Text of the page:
6. Turn off all digital screens and devices 30 - 60 minutes before bedtime. They deplete the body of melatonin which we need to sleep. If you really, really need your device use a light filter such as Twilight. But listen to Ariana Huffington who says to definitely turn everything off at least 30 minutes before bed and not to keep any of these clever devices in your bedroom.
7. Help your body calm down in preparation for sleep. Try a warm bath with at least 4 big handfuls of Epsom Salts. Magnesium deeply relaxes your muscles and takes away a physical barrier to restful sleep.
8. Use power naps. Research findings from the Sorbonne show that daily short naps of 6 - 20 minutes make a big difference. They sharpen the mind, bring down stress levels and boost the immune system.
IDEAS FOR IN BED
Avoid rumination at all costs. The brain has an inborn negativity bias and creative people are particularly good at rehearsing scary ‘what if…’ scenarios in their mind. These imaginings will either keep you from falling asleep or make for an unsettled night.
The good news is that we can train our brains and build more positive and therefore relaxing mental loops, which can eventually overrule the preference for negative thought. Your biggest chance of success is if you use body and mind in tandem to achieve this.
Here are some ideas to relax your body and clear the mind of negativity:
- Do a body scan. Lie on your back and check in with every body part, starting from your feet, to ankles, to shins etcetera, all the way to the top of your head. Explore each part carefully, both outside and in.
- Another effective yogic exercise is to move up your body in the same way, tensing and then relaxing each body part. Slowly does it, really exploring and inhabiting every sensation. With a bit of luck you’ll be asleep before you're done.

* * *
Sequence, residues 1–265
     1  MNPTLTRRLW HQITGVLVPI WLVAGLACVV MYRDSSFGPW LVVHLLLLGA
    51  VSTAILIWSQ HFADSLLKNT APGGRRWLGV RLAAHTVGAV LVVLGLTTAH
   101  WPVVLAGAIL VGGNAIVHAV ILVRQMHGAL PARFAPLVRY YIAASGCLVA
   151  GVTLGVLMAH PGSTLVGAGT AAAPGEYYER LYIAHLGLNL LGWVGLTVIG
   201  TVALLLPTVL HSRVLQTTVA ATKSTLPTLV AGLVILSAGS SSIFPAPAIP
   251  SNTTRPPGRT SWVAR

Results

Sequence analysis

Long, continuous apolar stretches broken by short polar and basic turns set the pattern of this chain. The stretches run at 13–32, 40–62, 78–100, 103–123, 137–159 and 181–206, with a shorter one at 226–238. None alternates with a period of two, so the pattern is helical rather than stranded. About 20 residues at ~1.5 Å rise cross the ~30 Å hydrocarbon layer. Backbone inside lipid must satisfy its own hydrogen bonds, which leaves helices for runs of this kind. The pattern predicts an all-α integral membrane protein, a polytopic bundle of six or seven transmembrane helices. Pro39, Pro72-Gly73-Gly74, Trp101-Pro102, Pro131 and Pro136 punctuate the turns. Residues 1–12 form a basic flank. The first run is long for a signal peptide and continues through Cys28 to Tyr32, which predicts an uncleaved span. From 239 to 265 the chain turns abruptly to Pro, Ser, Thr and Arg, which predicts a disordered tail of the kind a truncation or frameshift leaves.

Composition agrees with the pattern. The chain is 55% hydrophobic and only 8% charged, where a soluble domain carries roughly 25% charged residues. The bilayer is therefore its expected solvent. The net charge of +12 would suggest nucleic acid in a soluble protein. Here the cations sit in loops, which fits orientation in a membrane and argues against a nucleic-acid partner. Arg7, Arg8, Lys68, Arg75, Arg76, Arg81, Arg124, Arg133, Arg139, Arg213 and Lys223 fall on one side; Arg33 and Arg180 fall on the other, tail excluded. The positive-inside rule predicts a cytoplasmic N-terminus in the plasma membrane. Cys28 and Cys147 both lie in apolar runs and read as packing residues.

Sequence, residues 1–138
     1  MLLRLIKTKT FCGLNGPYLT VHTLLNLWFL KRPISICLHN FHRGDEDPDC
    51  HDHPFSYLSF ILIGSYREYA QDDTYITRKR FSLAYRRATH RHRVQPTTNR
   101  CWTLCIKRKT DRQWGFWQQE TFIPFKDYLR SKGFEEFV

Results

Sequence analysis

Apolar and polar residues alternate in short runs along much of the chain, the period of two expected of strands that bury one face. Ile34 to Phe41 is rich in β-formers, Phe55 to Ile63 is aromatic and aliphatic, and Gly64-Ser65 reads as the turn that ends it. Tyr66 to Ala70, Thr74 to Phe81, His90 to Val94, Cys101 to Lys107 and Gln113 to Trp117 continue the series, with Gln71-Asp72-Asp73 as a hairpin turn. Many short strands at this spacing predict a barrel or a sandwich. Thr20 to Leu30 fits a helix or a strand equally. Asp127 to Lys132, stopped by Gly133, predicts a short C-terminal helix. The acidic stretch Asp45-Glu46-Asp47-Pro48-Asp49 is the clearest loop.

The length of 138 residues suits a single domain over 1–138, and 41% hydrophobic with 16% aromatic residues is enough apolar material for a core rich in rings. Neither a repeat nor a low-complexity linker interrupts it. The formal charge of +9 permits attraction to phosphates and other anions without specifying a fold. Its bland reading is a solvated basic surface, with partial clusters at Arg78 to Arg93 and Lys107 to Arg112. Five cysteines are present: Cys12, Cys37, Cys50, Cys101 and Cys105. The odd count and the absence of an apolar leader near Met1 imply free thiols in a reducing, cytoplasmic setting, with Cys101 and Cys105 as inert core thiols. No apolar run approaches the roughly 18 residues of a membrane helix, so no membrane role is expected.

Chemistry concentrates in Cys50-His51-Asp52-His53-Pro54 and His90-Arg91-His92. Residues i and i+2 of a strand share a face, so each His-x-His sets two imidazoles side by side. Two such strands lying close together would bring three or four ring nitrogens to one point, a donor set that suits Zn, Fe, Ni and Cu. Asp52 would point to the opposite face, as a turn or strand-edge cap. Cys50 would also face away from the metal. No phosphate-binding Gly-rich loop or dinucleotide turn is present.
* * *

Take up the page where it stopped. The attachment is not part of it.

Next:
- Savour the best of the day
(1) Recall a few moments that moved you in some way. It may have been someone’s kind gesture or smile, something funny your dog did, the smell of wet earth;
(2) Bring the (small) moment back to mind in as much detail as you can;
(3) Connect with the feelings of wellbeing the memory generates. They may be difficult to detect at first, but research shows that this practice hugely strengthens the positive mental circuits in our brains, bringing lots of positive consequences for physical and emotional health with it.
Just imagine yourself to be in a beautiful spot somewhere. Bring the experience to life for yourself and make it exactly how you want it. Make sure, again, to notice the effect this place or activity has on your body. Feel it relaxing you, opening up, softening, feeling lighter, more alive, or whatever is going on for you.
Have fun and sleep well!
Renée van der Vloodt ( M.A. , FHGI ) is a psychotherapist and coach – and has had a private practice for over 20 years, which is now based in Woodchurch (near Ashford), Kent.
Renée is the author of the CD Calm the Chaos of the Creative Mind and works with children and adults as a coach and therapist to help them overcome life's challenges and emotional difficulties including stress, burnout, anxiety, depression, post-traumatic stress disorder (PTSD), anger or addictive behaviour.